In all areas of life – business, personal, family, friends, health – we are constantly surrounded by the same people. The ones we live with, work with, work out with and so on who make our inner circle – this does not change all that much over time. It follows from this that we need to make sure we’re surrounded by the best people – people who raise our spirits, people who don’t drag us down. I mean, no entry for toxic people.
When it comes to choosing family and to some extent, our co-workers – we don’t really have much choice. But choosing our friends is something that is totally up to us to decide. No wonder it is said that friends are the family we choose for ourselves! And so, we have to choose our friends wisely. This is a instance where clearly the choice must be focused on quality rather than quantity.
As adults, when we reach full maturity, we are likelier to believe that we would prefer to have just a few close friends than a wide variety of acquaintances. There is a reason for this! As we live and grow, we want to have around us those who will challenge us to grow, too. Friends are important for our wellbeing.
However, choosing those people takes time, not to mention trust and so it is sensible to invest our time looking for relationships that will serve us best and aligned with who we are.
For example, if you are an outdoors person who is inspired when you are in nature, you will probably have little in common with someone who enjoys the big city life with all its trappings like shopping malls and fancy restaurants. Of course, there is nothing wrong with enjoying the city – just that two people with absolutely different interests may not always align with each other.
The joy of a small inner circle
When we keep our circle of influence—our inner circle—small, say about four or six people, or maybe two or three, we are able to create closer bonds with them and rely on them when we need them.
As we grow and learn, there will be times when we need to reach out to our inner circle. When we have friends who understand who we are, know how we tick, know what is important to us and what our goals are in life, we build deep and lasting friendships, especially if they share similar goals and intentions.
This is why relationships with our inner circle is crucial for our success and happiness. These are the people we will turn to in our times of need as well as when we want to celebrate something. Thus, it makes sense to create a small but intimate inner circle around us with the same mental wave length as ours . . . an inner circle that will also challenge us when necessary.
What if we have to remove someone from our inner circle?
That is a really tough call. Perhaps one of these people is suddenly acting strange or you just intuitively feel that things have changed between you and you can’t see them going back to how it was.
When you are sure that it is not something you can brush off but something deeper, you have to make the painful decision to remove the person from your inner circle.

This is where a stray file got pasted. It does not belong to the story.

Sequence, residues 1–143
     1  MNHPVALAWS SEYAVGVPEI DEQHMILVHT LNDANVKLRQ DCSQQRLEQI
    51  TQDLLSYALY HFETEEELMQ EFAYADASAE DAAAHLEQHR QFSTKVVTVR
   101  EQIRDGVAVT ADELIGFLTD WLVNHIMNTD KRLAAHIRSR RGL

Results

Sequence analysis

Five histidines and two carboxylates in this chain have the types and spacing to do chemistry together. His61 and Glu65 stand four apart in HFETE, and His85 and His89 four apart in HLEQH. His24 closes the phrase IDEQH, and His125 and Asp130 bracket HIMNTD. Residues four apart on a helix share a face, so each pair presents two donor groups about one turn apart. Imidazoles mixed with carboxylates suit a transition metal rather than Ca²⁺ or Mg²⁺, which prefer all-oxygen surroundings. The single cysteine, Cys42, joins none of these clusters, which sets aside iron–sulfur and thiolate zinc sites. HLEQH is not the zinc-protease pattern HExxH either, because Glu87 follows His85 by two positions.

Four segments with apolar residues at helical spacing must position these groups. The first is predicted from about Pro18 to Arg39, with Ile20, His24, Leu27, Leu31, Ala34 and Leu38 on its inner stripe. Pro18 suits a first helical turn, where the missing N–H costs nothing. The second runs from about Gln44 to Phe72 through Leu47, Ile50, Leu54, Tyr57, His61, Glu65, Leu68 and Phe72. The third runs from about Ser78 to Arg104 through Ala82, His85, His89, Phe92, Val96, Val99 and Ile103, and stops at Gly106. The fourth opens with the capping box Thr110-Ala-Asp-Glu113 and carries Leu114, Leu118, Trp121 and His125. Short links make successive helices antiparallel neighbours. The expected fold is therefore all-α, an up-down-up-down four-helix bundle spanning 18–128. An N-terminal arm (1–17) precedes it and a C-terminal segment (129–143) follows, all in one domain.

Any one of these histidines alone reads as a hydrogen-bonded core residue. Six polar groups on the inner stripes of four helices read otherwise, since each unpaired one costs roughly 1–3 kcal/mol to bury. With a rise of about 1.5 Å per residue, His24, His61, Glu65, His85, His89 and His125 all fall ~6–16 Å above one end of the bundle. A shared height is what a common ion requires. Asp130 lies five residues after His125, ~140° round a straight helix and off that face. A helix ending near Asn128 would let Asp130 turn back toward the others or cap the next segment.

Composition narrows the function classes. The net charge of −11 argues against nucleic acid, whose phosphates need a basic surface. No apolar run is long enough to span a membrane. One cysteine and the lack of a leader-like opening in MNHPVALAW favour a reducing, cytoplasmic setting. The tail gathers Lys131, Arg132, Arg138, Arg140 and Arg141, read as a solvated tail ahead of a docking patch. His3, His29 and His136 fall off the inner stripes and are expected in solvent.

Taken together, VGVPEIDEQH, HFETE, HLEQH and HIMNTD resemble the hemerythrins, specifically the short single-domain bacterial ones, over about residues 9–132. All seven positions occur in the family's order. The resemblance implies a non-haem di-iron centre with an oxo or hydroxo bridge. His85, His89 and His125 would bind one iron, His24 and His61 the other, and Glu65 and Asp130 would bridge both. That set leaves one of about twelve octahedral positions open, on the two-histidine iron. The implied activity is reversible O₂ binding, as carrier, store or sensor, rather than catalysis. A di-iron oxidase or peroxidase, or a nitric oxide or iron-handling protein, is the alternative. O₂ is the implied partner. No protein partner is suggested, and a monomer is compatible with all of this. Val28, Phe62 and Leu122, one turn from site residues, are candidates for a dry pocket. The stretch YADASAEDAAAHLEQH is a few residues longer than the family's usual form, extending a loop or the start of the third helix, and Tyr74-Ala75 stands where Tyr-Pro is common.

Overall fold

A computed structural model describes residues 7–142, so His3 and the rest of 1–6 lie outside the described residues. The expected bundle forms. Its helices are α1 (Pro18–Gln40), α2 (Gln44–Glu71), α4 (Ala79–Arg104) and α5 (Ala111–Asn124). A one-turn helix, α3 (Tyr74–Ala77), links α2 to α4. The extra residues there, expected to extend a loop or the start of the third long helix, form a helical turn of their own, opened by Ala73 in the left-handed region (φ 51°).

How to do it without hurting feelings?
Because sadly, feelings will be hurt. But it is in your best interests to be honest about the friendship and admit that it no longer serves you.
Here are some suggestions to do this:
- Make sure you are present when breaking off the friendship. Fix a mutually convenient time and place where you can meet. Perhaps a coffee shop or similar neutral ground. Your friend does deserve more than a text message or an email.
- If you are unable to get together, be kind and make a phone call. Talk on the phone but don’t go into the details. Just try and fix a meeting. Say you want to meet. Do not get into the why.
- When you do meet or call, know exactly what you want to say. Do it confidently both inwardly and outwardly. Be clear about what you expect from the friendship. Do you want to cut off all contact, or do you want to change the expectations and boundaries of the relationship?
- Listen to your friend. Be prepared for new ideas. Of course, if you are fixed on ending the friendship, be clear about that.
- Honesty is the best policy when you are dealing with ending the friendship or even cooling off for a bit. Remember to approach your friend with love and be kind and gentle. State the facts. Let them know the relationship has changed and that you have been thinking about what to do about it.
- If you have to get into the specifics—and that’s absolutely okay—don’t play the blame game. Make “I” statements rather than point fingers.
It goes without saying that you must be thoughtful and mindful about your friend’s feelings as you talk about what went wrong. Be truthful and factual but also expect your friend to feel hurt and defensive. It is natural. Here’s where your kindness will matter. Through all this, be clear about what you expect.
Finally, do remember to take the time, if you need it, to mourn the loss of the friendship.